I think the same holds true for cycling. Cycling is just an extreme where you’re exposed to the elements, you’re exposed to the landscape. You can feel the road in a very direct and unmediated way. And I think that really does make cycling a near ideal vehicle for drawing you back to the sensory world of lived experience.

Greg: Are there other lessons from cycling you think can apply to non-physical realms of life?

James: Yes, I think there are a number of lessons. First of all, you can think through how you relate to your own body. Second, when it comes to cycling and writing, there are several lessons about work ethic and not believing in inspiration, but rather just believing in putting in the hard work and training.

But I think there’s also the temptation to overstate what athletics can do in terms of mapping on to one’s career. So while I very much believe there are some interesting lessons, I do think they can be almost dangerously overstated. And I think competitive sports can be over-regarded at the current cultural moment. There are also some mental health dangers in elite level sport, and I’m certainly keenly aware of the difficulties that top-level athletes can have in transitioning after their time as a sportsperson has come to an end.

Greg: Can you say a little more about some of the dangers of taking an athletic mindset into the rest of the world?

James: First of all, athletics are very structured and very rigid. Self-focused rigidity is bred and rewarded, and I don’t think that’s always ideal outside of athletics. Second, there’s a myopic sense in athletics that this is all that matters. So I think athletes can certainly have a lack of perspective. But I think the most concerning thing is that there’s just—out of necessity—a lot of selfishness and self-reflection among athletes. These qualities are rewarded in a way that I think can be quite toxic on a personal level and a relational level for athletes.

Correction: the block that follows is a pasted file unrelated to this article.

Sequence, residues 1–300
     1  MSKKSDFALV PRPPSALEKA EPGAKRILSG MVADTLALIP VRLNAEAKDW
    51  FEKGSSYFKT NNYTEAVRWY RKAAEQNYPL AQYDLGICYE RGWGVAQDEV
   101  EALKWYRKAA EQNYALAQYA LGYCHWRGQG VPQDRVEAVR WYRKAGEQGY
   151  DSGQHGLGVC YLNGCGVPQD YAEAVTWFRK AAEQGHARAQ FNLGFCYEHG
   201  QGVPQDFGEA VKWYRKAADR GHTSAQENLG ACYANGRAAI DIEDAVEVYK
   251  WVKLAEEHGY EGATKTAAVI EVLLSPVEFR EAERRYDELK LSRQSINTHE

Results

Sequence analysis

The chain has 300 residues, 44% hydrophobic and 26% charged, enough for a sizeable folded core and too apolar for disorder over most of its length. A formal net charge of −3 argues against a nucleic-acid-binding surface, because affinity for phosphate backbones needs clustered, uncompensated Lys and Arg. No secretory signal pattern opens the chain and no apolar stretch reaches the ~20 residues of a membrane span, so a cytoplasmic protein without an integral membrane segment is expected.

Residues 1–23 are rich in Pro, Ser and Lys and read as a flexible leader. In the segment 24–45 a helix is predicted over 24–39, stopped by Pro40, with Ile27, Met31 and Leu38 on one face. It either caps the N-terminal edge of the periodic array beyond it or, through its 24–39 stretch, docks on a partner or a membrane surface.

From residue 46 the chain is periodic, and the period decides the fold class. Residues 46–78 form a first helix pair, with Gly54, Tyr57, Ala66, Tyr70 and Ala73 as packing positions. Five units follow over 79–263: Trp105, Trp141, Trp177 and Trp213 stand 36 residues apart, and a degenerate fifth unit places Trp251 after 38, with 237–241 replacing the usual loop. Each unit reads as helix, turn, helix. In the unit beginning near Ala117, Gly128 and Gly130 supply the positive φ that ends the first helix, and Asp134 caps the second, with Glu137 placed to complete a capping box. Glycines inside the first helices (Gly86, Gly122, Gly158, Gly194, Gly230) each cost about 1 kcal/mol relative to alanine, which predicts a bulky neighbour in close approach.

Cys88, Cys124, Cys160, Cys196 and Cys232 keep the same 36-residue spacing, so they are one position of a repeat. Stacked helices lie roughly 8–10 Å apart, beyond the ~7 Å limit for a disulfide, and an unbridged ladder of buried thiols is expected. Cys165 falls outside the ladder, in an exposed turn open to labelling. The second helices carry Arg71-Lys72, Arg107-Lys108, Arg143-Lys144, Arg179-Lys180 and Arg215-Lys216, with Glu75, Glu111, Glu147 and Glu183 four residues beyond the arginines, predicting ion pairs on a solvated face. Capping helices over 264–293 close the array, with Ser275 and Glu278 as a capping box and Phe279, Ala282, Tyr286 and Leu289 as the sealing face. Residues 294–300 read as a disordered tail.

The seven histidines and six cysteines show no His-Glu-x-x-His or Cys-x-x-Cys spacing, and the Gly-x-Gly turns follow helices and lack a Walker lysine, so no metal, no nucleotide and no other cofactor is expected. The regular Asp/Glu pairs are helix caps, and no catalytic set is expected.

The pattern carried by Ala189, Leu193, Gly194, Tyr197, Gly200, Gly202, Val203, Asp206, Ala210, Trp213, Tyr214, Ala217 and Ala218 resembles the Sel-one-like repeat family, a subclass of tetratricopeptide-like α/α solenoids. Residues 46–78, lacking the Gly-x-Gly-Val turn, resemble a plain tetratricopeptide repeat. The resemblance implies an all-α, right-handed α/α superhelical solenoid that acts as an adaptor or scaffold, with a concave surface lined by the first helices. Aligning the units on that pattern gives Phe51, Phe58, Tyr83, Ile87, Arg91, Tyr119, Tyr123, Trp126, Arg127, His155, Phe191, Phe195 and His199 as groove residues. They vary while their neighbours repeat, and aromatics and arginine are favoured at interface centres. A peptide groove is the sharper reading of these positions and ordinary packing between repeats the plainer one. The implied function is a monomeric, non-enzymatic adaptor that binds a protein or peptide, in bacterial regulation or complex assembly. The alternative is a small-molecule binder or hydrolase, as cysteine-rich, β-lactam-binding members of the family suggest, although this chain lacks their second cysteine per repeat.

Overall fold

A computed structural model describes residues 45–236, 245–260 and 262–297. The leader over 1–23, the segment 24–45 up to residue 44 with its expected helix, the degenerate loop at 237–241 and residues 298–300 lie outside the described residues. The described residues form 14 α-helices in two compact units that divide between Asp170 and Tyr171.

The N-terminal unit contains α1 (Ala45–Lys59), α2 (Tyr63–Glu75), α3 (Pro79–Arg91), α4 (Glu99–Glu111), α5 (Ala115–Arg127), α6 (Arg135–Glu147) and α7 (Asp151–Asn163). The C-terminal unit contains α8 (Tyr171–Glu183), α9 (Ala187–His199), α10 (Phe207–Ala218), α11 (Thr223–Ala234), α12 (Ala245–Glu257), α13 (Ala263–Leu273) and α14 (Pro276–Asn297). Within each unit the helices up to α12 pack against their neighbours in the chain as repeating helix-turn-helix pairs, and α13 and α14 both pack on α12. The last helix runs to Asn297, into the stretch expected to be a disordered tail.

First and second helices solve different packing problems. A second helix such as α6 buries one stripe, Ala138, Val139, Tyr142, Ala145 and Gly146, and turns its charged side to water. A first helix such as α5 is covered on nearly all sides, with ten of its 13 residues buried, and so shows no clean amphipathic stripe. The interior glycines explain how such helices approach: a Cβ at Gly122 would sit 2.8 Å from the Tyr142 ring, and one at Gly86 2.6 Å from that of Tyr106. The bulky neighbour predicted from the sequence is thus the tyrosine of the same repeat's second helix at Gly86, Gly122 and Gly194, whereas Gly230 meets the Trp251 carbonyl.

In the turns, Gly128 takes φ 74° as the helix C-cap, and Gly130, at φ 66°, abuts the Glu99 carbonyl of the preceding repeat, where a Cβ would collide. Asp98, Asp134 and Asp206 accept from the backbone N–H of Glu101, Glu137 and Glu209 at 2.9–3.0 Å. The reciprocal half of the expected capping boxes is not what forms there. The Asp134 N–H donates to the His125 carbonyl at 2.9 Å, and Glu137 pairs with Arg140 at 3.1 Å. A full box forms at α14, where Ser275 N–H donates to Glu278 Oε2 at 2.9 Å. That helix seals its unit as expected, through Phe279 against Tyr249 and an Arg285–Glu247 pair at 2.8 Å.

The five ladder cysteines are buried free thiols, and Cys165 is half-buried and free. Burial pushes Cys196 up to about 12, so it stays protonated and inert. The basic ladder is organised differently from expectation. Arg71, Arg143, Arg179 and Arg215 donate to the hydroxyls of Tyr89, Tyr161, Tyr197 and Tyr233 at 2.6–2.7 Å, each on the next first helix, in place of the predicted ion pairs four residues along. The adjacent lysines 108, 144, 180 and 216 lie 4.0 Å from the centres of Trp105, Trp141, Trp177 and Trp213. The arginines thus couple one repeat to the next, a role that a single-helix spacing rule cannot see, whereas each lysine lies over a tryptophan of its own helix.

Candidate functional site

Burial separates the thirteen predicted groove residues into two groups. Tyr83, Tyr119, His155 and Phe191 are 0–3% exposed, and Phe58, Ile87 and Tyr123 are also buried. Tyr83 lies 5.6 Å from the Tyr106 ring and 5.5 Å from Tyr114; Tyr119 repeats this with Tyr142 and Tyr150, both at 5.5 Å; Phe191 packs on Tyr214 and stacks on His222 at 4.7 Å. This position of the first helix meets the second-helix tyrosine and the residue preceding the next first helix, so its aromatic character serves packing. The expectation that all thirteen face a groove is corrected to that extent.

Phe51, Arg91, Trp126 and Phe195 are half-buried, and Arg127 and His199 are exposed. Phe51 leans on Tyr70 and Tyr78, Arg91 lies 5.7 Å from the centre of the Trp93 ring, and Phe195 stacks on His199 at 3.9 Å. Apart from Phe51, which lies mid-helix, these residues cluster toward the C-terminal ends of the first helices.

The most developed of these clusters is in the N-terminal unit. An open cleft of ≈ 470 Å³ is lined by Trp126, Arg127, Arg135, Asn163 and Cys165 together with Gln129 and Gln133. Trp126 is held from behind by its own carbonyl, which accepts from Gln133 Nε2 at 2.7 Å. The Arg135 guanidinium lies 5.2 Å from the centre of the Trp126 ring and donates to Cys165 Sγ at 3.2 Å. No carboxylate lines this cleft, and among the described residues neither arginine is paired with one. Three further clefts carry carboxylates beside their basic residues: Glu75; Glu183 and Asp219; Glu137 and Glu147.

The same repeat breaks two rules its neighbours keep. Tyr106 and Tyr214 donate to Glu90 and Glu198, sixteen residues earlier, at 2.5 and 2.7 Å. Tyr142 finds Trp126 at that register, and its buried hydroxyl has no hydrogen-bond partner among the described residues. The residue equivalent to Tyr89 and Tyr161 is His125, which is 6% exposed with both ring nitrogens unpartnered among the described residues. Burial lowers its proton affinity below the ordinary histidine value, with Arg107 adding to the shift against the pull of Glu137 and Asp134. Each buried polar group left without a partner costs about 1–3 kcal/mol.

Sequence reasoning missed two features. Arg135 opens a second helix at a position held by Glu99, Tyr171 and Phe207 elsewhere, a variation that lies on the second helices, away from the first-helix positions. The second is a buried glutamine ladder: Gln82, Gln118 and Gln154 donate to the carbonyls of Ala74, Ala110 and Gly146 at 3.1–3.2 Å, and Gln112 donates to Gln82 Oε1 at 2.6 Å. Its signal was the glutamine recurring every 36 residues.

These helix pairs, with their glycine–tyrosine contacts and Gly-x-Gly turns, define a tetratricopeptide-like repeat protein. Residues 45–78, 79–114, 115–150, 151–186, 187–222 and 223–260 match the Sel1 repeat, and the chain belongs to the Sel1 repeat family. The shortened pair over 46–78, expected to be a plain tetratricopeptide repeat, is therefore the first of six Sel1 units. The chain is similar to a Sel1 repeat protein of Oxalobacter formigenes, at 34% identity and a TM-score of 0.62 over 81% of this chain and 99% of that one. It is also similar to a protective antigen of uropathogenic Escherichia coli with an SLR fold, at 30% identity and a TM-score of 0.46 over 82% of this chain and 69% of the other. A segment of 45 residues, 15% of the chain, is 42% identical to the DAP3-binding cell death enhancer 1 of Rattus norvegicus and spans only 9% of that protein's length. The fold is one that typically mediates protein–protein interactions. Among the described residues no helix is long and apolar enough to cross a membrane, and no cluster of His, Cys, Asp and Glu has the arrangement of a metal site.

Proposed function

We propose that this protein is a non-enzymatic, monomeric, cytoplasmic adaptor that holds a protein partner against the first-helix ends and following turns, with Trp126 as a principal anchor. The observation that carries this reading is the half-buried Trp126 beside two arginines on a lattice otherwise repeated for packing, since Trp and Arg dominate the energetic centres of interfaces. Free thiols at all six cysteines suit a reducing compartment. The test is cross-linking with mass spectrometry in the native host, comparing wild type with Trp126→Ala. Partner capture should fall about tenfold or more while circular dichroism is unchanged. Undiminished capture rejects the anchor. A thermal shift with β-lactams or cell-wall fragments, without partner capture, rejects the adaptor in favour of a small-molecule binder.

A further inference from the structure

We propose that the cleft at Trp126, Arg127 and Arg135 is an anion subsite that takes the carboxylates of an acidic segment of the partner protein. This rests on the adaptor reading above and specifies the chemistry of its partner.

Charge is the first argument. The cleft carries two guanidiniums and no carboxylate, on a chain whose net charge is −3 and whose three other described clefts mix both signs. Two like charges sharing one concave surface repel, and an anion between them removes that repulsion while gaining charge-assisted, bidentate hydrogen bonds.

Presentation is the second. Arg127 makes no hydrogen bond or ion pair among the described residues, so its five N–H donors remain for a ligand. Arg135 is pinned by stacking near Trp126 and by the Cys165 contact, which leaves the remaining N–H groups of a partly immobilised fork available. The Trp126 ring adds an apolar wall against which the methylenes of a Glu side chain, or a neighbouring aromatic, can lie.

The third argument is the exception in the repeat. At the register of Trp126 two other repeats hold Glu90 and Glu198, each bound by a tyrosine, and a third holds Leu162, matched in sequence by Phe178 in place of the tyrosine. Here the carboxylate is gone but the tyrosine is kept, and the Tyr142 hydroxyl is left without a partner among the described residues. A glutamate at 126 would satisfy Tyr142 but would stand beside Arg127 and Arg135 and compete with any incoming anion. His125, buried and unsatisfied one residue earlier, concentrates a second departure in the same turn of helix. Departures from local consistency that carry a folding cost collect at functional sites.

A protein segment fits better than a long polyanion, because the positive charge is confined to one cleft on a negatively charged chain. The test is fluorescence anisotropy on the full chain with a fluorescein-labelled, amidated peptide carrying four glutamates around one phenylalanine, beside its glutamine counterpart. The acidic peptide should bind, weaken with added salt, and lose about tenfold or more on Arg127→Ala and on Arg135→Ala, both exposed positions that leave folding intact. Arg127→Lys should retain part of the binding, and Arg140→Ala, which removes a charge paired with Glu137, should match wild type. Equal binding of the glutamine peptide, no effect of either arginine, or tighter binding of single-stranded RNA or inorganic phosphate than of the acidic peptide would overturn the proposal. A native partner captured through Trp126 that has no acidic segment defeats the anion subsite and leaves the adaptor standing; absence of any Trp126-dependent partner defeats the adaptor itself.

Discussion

Developing as an athlete means you’re not looking for extrinsic rewards, but that you can start to say that the sport is an end to itself, that the process has meaning.

Greg: You’ve touched on this already, but are there other specific philosophical ideas that changed the way you think about cycling?

James: Yeah, I think that the thrust of existentialism really did change how I thought about cycling, what it could do and what its purpose is and was. Existentialism is this sort of inversion of the traditional, Platonic concept that ideas matter—for example, that the idea of tables in general matters more than any particular table. That’s the basis of Western rational thought in many ways. Existentialism seeks to turn this on its head and say that, no, this sort of lived particular table and experience actually is what really matters.